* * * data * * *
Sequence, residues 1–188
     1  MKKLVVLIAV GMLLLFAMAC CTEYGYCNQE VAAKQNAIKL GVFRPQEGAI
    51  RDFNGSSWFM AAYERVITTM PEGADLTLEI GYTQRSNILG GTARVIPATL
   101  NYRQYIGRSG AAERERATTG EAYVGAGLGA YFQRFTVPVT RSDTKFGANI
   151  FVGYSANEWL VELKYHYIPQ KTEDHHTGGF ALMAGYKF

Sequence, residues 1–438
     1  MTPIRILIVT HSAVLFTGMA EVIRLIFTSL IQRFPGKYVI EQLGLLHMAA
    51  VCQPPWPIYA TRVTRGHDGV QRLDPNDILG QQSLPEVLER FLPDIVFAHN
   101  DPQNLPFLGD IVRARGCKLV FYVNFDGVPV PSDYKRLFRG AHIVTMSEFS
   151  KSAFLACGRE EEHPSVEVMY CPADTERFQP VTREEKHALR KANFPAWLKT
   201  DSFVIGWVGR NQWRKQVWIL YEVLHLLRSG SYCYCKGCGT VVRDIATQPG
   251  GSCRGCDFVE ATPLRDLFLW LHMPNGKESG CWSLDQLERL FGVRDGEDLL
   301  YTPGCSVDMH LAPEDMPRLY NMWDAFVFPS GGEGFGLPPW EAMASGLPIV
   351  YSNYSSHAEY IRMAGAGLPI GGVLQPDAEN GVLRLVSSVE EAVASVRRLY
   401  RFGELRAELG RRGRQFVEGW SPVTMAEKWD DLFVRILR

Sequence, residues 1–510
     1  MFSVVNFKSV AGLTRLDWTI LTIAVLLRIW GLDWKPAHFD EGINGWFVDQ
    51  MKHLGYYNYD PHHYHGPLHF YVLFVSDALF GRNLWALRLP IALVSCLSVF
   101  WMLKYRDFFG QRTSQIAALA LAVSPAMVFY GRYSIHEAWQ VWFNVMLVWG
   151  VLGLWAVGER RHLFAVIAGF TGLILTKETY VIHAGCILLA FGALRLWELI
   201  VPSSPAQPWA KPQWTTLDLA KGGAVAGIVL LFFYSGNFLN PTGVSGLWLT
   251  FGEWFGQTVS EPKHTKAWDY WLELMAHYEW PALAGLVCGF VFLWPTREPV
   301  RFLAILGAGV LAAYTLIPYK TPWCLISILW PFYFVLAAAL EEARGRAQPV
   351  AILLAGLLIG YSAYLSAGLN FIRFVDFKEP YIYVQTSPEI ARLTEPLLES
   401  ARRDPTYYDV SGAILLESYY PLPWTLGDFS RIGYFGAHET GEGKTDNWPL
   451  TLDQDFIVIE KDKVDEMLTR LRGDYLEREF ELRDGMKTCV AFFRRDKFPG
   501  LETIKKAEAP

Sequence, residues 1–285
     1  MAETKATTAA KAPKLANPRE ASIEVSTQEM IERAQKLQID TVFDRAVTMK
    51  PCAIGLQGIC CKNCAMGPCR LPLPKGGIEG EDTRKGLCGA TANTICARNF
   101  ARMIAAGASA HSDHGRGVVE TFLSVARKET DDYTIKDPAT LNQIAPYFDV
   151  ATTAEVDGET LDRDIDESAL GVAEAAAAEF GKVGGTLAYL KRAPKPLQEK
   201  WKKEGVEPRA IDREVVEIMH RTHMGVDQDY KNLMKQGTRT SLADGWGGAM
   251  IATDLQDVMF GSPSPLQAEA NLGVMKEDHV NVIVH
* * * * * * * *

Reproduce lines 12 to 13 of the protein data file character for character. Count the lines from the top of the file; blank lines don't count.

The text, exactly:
   251  GSCRGCDFVE ATPLRDLFLW LHMPNGKESG CWSLDQLERL FGVRDGEDLL
   301  YTPGCSVDMH LAPEDMPRLY NMWDAFVFPS GGEGFGLPPW EAMASGLPIV